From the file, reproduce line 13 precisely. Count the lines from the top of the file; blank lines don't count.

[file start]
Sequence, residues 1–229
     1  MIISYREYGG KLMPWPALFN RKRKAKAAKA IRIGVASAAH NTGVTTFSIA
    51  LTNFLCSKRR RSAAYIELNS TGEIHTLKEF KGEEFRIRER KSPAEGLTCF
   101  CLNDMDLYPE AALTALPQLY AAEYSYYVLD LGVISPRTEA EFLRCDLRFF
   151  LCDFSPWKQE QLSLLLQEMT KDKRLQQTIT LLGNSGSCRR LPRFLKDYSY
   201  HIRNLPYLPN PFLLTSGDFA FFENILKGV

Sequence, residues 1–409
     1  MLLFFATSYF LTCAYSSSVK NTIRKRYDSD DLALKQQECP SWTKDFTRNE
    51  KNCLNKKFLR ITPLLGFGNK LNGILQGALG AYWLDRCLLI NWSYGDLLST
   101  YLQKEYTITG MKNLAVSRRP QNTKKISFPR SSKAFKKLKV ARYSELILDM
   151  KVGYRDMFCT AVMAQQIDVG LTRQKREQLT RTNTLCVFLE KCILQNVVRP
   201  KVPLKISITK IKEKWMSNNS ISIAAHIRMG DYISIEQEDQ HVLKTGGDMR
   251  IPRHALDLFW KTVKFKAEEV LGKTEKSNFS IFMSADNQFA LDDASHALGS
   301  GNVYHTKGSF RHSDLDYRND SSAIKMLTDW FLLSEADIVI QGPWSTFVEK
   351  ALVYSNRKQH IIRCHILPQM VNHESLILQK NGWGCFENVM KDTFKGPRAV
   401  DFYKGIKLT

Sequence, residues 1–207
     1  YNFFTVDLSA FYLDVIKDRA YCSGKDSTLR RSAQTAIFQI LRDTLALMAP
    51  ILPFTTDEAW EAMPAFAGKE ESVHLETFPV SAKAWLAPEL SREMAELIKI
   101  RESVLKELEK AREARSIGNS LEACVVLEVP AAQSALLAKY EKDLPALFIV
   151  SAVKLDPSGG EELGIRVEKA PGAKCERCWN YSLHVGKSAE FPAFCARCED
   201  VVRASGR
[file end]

   251  IPRHALDLFW KTVKFKAEEV LGKTEKSNFS IFMSADNQFA LDDASHALGS